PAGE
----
The impetus for the OIG notice was CMS' receipt of questions from sponsors about permissible operating structures and delegation of regulatory duties. Sponsors wanted to know whether they could pay their network pharmacies to provide certain beneficiary education and outreach services (including enrollment assistance) related to their drug discount card program. Because the direct nexus between patients and their pharmacies is a developed relationship, sponsors are interested in using this relationship for purposes of administering the beneficiary outreach function.

The OIG recognizes the need for beneficiaries to obtain information on Medicare drug discount card options and supports bona fide educational efforts that promote informed beneficiary choices based on full, accurate, and impartial information. Because beneficiaries may rely on sponsors' education and outreach activities, it is essential that the information provided be accurate and unbiased. The OIG has the authority to protect beneficiaries by imposing a $10,000 civil money penalty (CMP) against a sponsor that provides misleading information in educational or outreach materials.[6]

Pharmacists are likely to be a natural point of inquiry for beneficiaries about the Medicare drug discount card program. The tension involved in using this relationship is the fine line between providing education versus marketing a particular program. The OIG has expressed concern that arrangements under which sponsors compensate pharmacies for submitting completed enrollment applications or for directing a patient to a specific drug card may trigger the federal criminal antikickback statute. The OIG's chief concern is that the pharmacy's financial incentives under such an arrangement "could distort or inhibit the flow of information to beneficiaries and thereby convert the education process into a mechanism for steering beneficiaries to a particular drug card without regard to the individual's best interest."[5]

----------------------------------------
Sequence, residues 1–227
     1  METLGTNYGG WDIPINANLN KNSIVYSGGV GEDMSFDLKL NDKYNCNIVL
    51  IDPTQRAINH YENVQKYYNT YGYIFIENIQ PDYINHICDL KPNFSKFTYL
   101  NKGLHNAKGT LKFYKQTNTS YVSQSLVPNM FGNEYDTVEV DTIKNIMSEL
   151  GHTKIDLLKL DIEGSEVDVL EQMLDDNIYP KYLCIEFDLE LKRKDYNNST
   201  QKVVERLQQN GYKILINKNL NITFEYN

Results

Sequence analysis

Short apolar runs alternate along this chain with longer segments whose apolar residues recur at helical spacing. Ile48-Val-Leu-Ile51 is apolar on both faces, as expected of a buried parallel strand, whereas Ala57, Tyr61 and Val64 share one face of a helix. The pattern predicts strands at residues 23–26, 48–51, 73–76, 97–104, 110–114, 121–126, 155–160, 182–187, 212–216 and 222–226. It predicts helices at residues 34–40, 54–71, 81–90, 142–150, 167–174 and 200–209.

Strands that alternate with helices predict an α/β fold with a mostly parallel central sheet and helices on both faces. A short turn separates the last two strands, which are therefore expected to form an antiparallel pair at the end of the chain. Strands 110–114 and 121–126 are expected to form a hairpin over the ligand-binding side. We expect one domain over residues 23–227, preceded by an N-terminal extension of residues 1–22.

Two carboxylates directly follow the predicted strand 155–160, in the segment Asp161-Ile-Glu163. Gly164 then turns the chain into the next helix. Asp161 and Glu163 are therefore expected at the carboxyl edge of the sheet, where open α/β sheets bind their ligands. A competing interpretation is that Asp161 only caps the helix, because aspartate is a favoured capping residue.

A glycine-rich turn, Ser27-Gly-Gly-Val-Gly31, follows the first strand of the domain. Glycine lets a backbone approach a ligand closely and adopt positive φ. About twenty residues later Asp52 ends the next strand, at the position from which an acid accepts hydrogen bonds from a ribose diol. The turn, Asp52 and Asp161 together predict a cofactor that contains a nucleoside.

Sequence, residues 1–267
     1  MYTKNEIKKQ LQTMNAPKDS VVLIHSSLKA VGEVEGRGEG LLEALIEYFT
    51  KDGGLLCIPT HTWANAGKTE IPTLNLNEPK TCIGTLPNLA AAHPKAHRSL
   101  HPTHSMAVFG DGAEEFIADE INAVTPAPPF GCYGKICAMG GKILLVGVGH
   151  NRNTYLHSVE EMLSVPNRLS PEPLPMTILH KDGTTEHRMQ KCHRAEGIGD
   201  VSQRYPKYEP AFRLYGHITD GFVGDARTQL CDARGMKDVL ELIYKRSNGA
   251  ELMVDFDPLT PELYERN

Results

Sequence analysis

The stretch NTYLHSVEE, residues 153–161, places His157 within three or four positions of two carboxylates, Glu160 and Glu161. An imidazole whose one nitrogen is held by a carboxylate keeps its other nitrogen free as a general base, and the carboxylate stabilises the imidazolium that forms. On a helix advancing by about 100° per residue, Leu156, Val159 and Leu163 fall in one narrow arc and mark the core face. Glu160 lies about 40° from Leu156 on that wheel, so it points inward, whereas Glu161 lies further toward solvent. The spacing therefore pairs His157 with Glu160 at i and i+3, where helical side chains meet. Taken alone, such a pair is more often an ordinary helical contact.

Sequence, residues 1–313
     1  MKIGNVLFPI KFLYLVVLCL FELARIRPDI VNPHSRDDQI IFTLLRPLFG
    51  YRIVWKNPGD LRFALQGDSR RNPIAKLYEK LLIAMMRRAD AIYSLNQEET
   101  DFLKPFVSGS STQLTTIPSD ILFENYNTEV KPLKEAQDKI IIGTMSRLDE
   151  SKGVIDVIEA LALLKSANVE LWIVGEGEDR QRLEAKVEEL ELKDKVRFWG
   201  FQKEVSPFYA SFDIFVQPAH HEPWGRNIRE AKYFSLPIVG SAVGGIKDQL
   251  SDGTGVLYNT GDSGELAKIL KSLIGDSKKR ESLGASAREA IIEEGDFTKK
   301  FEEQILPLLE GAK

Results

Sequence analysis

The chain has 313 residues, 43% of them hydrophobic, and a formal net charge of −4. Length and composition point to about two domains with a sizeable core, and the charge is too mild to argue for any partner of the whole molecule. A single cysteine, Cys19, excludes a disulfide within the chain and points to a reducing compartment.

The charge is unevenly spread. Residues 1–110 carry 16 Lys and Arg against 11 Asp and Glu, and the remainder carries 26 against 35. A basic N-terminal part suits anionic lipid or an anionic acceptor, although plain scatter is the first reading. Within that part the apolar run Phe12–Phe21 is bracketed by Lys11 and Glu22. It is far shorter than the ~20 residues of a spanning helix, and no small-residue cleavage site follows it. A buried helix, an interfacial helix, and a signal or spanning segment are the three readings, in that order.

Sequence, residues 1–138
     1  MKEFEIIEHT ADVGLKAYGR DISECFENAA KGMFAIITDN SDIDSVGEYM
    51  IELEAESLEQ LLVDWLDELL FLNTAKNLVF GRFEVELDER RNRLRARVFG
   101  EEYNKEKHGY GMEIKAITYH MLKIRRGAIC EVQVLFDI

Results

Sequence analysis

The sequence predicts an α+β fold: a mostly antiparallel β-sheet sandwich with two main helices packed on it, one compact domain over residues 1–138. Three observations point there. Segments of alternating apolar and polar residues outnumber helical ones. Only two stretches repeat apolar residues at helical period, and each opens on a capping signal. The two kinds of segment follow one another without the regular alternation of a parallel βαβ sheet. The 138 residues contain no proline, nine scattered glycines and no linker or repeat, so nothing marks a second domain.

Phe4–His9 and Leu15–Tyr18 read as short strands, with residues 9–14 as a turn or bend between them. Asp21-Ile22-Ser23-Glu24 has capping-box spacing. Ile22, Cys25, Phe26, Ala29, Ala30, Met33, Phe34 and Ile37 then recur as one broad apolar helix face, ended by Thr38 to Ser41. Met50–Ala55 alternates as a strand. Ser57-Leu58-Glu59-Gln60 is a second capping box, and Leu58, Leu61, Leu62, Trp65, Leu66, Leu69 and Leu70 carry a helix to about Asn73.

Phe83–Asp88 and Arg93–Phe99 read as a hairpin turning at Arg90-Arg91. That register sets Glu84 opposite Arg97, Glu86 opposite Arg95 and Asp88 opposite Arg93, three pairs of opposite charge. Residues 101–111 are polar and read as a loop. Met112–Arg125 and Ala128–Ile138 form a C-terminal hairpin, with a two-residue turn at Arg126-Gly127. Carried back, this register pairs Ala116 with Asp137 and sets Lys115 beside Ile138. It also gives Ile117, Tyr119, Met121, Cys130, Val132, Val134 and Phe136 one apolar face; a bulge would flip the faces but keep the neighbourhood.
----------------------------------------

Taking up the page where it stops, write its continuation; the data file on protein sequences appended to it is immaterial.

The OIG directive does not prevent sponsors from contracting with network pharmacies to provide patient education and outreach services. In fact, the OIG recognizes that certain educational and outreach arrangements may qualify for the personal services safe harbor described in the antikickback statute.[7] However, the personal services safe harbor does not protect any financial arrangements based on per-application, per-enrollment, or similarly structured fees. Pharmacies may incur expenses related to educational and outreach activities, and they are entitled to a fair market value payment for the services provided. Payments can be problematic if they contain "success fees"—payments for the volume of business generated—or other incentives intended to steer patients.